|Birth of twins||Birth of twins or triplets will be treated as a single delivery. As such, an employee will not receive double maternity benefits.
However, there has been a motion in parliament about two months ago requesting for parental leave to be extended for fathers and mothers with multiple or premature babies.
|Premature birth||The employee may qualify for either scheme as long as the requisite criteria is met. The maternity leave will start from the child’s birth date.|
|Abortion or miscarriage||The employee is not eligible for maternity leave, but may take paid sick leave if applicable.|
|Mother is ineligible for GPML (i.e. does not fulfil criteria (1) & (2) above) at the time of delivery||If the mother becomes eligible for GPML within 12 months of the child’s birth, she is eligible for the remaining maternity leave entitlement (out of 16 weeks) untaken. The remaining maternity leave must be taken before the child turns 12 months old.|
2 weeks of Paternity Leave available for eligible fathers
A working father is entitled to 2 weeks of Government-Paid Paternity Leave (“GPPL”) for all births if he meets the following requirements:
- Child is a Singaporean citizen.
- Father is or has been lawfully married to the child’s mother between conception and birth whether or not such marriage remains subsisting at the time of the birth of the child or becomes lawfully married to the child’s mother within 12 months from the child’s birth.
- Father has worked for his employer or have been self-employed for at least 3 continuous months before the birth of the child. If one is self-employed, he must have lost income during the maternity leave period.
Note: An adoptive father is eligible for paternity leave if he meets the eligibility criteria – adoptive father or his wife is a citizen of Singapore on the date the dependant’s pass is issued in respect of the child and he has worked for his employer or is self-employed for a period of at least 3 months before the eligibility date for the application to adopt the child.
The current two-week entitlement is a new rule that came into effect recently. Prior to this, only one week of paternity leave was compulsory while companies could offer one additional week on a voluntary basis.
With the new changes, the government will pay for the additional week of leave.
GPPL – how it works
A father’s GPPL entitlement per week depends on the number of working days he has in a week.
- For example, if the employee works for 6 days a week, his GPPL entitlement would be 12 days (6 days per week x 2 weeks GPPL entitlement)
Similar to GPML, the employer may seek reimbursement from the government. Each week of GPPL is capped at $2,500, including CPF contributions.
Shared Parental Leave – Father can take up to 4 weeks of shared parental leave
Shared parental leave provides the option for working fathers to receive part of their wife’s leave benefits. In other words, mothers will be able to share up to 4 weeks of their paid maternity leave with their husbands (up from just one week prior to recent changes).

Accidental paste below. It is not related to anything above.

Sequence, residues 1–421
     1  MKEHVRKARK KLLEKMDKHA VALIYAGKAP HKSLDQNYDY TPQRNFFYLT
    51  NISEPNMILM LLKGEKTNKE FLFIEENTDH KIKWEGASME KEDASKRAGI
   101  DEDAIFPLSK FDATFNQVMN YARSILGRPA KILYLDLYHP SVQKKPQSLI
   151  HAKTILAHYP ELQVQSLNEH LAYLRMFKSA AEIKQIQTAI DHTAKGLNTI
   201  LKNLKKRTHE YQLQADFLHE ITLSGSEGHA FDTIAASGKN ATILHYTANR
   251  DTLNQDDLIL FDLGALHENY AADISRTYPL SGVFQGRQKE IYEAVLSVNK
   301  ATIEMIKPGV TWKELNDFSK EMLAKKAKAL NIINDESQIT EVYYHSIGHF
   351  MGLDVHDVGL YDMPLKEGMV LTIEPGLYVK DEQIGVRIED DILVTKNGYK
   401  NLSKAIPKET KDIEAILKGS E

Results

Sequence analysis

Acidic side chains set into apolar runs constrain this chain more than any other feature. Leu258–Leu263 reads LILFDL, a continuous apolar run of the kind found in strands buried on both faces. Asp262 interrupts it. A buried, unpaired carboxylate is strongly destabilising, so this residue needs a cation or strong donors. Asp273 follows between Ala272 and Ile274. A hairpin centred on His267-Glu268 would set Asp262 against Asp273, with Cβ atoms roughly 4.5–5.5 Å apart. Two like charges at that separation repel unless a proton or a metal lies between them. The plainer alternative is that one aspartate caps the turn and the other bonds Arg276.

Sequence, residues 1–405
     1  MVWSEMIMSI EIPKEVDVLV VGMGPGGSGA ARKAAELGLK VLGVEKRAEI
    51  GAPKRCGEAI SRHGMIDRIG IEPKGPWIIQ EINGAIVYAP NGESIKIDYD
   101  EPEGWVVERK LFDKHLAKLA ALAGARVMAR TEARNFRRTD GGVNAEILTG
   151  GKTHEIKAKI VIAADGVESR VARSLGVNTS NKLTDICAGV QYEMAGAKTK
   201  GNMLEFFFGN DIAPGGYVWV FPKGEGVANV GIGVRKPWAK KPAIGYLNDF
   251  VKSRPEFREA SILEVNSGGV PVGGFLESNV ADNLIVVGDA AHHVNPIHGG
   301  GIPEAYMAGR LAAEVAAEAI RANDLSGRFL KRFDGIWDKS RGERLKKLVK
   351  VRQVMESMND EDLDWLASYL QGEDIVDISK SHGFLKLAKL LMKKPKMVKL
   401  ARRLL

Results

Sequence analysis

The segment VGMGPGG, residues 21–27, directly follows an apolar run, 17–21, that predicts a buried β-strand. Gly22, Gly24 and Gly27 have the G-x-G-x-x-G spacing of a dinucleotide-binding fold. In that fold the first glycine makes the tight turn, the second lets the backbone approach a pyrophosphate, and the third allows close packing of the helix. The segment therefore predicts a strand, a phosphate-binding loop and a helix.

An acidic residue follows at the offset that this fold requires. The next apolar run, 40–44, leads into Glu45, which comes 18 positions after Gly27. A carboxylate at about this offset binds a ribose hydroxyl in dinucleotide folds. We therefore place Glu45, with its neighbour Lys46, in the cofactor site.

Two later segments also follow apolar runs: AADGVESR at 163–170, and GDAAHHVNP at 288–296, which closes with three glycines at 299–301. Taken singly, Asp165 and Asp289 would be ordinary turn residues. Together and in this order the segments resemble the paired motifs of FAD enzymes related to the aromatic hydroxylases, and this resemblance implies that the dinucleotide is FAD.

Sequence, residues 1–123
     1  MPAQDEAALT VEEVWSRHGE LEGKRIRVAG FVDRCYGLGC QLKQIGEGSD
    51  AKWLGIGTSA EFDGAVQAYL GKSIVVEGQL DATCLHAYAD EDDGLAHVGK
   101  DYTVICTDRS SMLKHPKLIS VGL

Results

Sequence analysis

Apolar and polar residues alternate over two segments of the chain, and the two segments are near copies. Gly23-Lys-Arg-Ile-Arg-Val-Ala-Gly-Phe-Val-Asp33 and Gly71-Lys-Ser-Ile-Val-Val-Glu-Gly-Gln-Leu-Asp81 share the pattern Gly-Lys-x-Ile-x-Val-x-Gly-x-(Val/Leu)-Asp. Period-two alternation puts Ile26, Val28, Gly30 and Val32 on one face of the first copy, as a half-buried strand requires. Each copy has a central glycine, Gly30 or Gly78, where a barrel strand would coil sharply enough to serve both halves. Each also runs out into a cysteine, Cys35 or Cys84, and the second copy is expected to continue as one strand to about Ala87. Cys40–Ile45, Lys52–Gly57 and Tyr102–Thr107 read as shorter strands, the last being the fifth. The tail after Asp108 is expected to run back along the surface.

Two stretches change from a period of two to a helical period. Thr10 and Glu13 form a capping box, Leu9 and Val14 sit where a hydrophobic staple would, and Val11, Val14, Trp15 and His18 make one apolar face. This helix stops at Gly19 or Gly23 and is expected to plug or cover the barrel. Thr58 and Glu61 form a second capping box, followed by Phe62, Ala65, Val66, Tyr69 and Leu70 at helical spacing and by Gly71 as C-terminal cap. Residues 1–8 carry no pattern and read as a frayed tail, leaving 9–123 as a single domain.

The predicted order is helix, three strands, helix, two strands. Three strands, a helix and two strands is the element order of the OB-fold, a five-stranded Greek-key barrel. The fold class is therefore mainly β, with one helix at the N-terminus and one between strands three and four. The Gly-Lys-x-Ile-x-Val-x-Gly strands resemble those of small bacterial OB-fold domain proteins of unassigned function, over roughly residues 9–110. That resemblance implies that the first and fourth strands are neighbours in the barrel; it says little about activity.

A working father may be entitled to shared parental leave if the following requirements are met:
- Child is a Singaporean citizen.
- The child’s mother qualifies for GPML.
- Father is lawfully married to the child’s mother.
The government will fund the shared parental leave taken, capped at $2,500 per week including CPF contributions.
Frequently Asked Questions
Question 1: Am I entitled to keep my job after I return from maternity?
It is an offence for your employer to dismiss you while you are on maternity leave. However, your employer may terminate you before you go on maternity leave but if you feel you have been unfairly dismissed or there was a dispute with your employer over maternity leave, you may file a dispute with the Ministry of Manpower. In any case, your employer is required to pay you maternity benefits if you have worked for your employer for at least 3 months before giving birth.
Question 2: Do I get paternity leave if I am not married to my child’s mother?
No, you have to be married to the child’s mother after the child is conceived but before the child’s birth or at least within 12 months from the child’s birth.
Question 3: Can I use my maternity leave to offset my notice period?
No, your maternity leave cannot be used to offset against notice period.
Have a question on parental leave?
If you have any questions about parental leave, you can get a Quick Consult with Lau Kah Mei or other lawyers for a transparent, flat fee of S$49. You can expect a call back within 1-2 days on the phone to get legal advice and have your questions answered.
This article is written by Lau Kah Mei from LKM Law Corporation and edited by Ng Shu Yih.
This article does not constitute legal advice or a legal opinion on any matter discussed and, accordingly, it should not be relied upon. It should not be regarded as a comprehensive statement of the law and practice in this area. If you require any advice or information, please speak to practicing lawyer in your jurisdiction. No individual who is a member, partner, shareholder or consultant of, in or to any constituent part of Interstellar Group Pte. Ltd. accepts or assumes responsibility, or has any liability, to any person in respect of this article.